Media literacy education in Texas high schools : a multiple case study.
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Luévanos, José Anthony, 1979-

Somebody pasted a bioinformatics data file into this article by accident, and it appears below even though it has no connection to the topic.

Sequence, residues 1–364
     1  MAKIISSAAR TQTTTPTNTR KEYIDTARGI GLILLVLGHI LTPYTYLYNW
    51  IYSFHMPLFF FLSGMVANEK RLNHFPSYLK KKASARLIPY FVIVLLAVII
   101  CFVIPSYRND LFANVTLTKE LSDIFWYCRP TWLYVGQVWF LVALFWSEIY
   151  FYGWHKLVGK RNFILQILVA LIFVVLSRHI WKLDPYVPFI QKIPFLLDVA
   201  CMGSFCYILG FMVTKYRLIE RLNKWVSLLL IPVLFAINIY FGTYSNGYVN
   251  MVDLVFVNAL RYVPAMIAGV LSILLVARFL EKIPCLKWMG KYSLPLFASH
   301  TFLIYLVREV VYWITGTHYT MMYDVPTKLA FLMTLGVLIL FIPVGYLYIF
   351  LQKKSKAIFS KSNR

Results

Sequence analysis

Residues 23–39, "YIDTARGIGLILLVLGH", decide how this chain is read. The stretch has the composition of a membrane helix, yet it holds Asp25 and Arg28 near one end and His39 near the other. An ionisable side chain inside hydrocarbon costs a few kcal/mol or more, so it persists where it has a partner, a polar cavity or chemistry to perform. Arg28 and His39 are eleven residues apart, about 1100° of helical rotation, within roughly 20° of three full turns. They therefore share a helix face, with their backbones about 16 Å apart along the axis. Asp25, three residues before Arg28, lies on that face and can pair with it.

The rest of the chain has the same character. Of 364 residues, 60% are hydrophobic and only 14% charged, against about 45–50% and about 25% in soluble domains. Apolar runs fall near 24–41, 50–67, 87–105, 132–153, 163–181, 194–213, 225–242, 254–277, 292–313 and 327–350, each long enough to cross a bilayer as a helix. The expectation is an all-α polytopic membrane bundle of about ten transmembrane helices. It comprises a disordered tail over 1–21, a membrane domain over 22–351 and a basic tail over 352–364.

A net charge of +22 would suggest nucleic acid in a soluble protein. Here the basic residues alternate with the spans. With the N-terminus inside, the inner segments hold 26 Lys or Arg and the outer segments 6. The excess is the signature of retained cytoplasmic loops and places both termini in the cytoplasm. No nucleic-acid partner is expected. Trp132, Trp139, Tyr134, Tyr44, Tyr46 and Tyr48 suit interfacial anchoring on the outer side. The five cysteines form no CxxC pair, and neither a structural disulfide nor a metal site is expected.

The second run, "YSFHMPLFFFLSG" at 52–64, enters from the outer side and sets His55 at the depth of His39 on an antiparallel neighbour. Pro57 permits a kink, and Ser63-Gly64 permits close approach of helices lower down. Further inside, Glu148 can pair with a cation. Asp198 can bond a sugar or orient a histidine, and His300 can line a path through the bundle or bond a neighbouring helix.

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Media literacy is an expansion of literacy where one has a proficient capacity to read, write, listen, and speak with the skills to access, analyze, evaluate, create, and participate across arenas of life using all forms of communication. While intended to sharpen awareness of media influence, effects, and relationships, media literacy education (MLE) serves to stimulate critical thought both as consumers and creators of media. If media literacy education has so much to offer, are schools using it to its full capacity? If they are, what are they doing to make it happen? If they are not, what is preventing them from doing so? The problem, given recent updates in MLE standards is that nothing is available to describe the extent to which media literacy standards are implemented by high school English language arts and reading (ELAR) teachers, and students need media literacy education to advance thinking for civic engagement and social justice, personal values, moral development, identity formation, critical thinking. Consequently, teachers do not receive the support, students do not experience media literacy, and schools continue to move away from preparing both teachers and students for a media rich world. The purpose of this research was to investigate MLE implementation in a secondary school setting in a selection of Texas urban and suburban schools using a multiple case study methodology. The research question and sub-questions examined two major categories: 1) what do teachers know about MLE and do in their classrooms for media literacy? 2) what support, if any, do they receive from department, campus, district, and outside resources to understand and implement media literacy? Through data collection efforts via interviews, focus groups, and documents as artifacts, the researcher arrived at several findings. Findings imply that teachers had inconsistent instruction and ignored understanding and knowledge of media literacy. Teachers also demonstrated a mixed sentiment in the valuing of media literacy instruction although they seemed to have a “felt sense” that media literacy was missing. Other findings suggest that teachers had an underlying lack of support for media literacy education and confronted challenges and barriers for media literacy implementation.